Elon Musk's Tesla has done the rest of the storage industry a big favour by putting a price point on lithium-ion batteries, according to the CEO of Sonnenbatterie's North American operations.
The German energy storage system maker has just opened a research and development (R&D) facility in Atlanta, Georgia. Currently thought to be among the leaders of Germany's residential energy storage market in terms of sales, Sonnenbatterie is also racing the EV maker to enter the US residential energy storage market. While some Tesla-supplied batteries are already in a small number of US homes through pilot programmes, such as that with residential solar installation giant SolarCity, the German company expects to launch on a commercial basis there before Elon Musk's own Powerwall product, Sonnenbatterie North America's Boris Van Boorman told PV Tech at Intersolar Europe on Wednesday.
"The US is going to be a brand new market, especially residential. No one's really doing anything in residential there yet, Tesla announced it, but we're going to be the first to market with a product in that space. We have great hope," Van Boorman said.
"We were able to create a really good team in Atlanta, some really experienced power electronics engineers, grid engineers, certification engineers which I think is necessary for any product going to this [US] market."
Sonnenbatterie was showcasing residential products starting from 4kWh and commercial offerings that go up to 200kWh at the trade show in Munich. The company has sold around 8,000 units in Germany, from a household market that according to some estimates, numbers around 20,000 units sold in total to date.
The market dynamics for storage are rapidly changing, Van Boorman said, with as many as nine in 10 commercial storage units in the US expected to be installed without being paired to solar. Sonnenbatterie and others will target specific time of use tariff markets there, allowing customers to peak shave and to do arbitrage to make savings on their electricity costs.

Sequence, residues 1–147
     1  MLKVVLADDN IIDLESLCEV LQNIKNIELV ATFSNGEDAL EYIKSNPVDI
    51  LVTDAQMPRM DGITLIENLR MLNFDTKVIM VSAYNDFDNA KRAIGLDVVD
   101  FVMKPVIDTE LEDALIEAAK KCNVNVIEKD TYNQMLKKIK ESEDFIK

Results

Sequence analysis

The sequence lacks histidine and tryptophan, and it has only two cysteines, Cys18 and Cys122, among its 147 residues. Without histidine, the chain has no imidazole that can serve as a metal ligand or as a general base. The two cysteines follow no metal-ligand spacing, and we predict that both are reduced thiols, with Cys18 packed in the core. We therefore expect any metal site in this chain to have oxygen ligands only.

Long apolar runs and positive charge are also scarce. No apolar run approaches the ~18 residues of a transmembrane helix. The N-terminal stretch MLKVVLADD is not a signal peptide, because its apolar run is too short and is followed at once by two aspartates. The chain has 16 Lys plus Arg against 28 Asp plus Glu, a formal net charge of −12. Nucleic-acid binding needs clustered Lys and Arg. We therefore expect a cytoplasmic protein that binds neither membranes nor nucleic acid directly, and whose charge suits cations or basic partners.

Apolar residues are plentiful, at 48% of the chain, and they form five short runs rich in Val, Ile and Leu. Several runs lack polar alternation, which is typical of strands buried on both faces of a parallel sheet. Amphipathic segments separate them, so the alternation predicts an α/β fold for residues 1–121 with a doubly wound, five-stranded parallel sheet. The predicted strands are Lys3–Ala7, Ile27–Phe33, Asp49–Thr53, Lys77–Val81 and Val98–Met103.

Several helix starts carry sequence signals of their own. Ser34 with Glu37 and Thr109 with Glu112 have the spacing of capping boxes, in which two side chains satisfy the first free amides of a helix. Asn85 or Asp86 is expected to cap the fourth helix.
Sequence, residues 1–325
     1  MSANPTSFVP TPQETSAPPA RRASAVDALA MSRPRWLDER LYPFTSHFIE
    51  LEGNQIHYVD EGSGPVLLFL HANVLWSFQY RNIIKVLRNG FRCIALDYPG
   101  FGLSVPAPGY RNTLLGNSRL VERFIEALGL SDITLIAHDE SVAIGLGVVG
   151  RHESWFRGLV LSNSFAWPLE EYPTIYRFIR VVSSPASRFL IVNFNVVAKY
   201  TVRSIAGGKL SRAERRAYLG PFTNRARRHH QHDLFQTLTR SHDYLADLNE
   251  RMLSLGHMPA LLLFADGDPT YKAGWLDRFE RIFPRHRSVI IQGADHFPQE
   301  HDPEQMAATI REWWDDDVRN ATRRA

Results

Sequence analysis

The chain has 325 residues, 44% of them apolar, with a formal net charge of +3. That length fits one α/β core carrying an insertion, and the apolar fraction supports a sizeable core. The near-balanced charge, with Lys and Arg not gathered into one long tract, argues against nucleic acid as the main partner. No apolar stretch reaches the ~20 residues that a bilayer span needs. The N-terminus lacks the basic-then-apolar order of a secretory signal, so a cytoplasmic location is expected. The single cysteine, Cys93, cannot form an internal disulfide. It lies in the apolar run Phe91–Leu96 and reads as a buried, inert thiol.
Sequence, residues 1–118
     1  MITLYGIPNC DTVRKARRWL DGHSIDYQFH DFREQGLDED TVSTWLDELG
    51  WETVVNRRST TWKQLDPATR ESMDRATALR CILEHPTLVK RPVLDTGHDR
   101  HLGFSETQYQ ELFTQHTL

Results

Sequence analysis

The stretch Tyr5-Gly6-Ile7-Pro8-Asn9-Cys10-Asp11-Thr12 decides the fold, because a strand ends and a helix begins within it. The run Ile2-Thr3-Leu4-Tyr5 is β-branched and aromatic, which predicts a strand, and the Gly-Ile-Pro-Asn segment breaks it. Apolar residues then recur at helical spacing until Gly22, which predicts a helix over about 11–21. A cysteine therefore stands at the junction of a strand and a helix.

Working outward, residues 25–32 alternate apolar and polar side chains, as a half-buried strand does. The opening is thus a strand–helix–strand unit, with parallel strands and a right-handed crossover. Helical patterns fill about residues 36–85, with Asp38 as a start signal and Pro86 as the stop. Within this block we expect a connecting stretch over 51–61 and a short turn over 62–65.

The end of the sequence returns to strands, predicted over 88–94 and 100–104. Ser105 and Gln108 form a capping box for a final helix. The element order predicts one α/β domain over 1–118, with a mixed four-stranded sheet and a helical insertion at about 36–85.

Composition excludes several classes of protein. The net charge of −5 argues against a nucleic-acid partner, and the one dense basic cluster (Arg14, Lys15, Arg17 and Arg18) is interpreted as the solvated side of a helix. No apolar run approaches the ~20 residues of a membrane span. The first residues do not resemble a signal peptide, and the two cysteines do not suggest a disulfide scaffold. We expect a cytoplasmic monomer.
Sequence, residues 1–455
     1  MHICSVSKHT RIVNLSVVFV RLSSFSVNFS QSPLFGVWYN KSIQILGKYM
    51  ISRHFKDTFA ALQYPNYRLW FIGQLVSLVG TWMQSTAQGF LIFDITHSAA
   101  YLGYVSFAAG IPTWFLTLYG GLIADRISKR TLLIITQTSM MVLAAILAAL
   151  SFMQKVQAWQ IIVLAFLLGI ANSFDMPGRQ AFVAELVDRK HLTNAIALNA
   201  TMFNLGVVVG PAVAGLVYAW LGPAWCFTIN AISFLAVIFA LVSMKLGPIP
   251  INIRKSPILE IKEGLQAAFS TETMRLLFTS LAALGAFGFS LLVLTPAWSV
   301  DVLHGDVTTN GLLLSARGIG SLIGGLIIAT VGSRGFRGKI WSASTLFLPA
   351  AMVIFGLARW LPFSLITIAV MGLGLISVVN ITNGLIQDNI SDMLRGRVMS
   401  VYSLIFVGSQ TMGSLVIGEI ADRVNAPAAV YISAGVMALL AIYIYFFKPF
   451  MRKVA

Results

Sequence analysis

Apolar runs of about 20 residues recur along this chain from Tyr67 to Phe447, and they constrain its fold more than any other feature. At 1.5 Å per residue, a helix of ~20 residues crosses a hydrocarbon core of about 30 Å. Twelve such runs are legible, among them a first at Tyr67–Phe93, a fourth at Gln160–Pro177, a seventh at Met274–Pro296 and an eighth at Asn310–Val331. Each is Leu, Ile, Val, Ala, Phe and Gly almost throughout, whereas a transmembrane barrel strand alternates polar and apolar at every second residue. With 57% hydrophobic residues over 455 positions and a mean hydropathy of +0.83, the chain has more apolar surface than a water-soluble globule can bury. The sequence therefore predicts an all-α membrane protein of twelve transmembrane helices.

Another suprising development in the recent past has been Italy's announcement of grid interconnection rules for energy storage. Van Boorman said Sonnenbatterie could see the market opening up in Italy and has opened 10 of its customer centres there. He also agreed that making storage simpler could reinvigorate the country's solar market, which has dropped off significantly.
"Yes, and this is something we see even in Germany where solar has dropped," van Boorman said.
"Some people have said to us they would have closed their solar shop but now a high percentage of solar systems are sold with storage. It's a huge validation for us, but also great for the industry because it still drives the solar market. Storage is growing while the rest of the market is declining and that's how we can kind of revitalise the market hopefully."
Van Boorman said the energy storage industry is developing quickly, both in conjunction with solar and without. One catalyst for change has been Tesla's entry into the market and while the two companies are likely to be pitted in competition with one another, Elon Musk's big announcements had also helped companies like Sonnenbatterie, which do not produce their own battery cells.
"Let's face it, batteries are going to be a commodity soon. Maybe they already are – especially when Tesla's announcement put a price point on it, which is nice for us, we can call our battery suppliers and say 'hey, sorry...but can you get us a better price?'"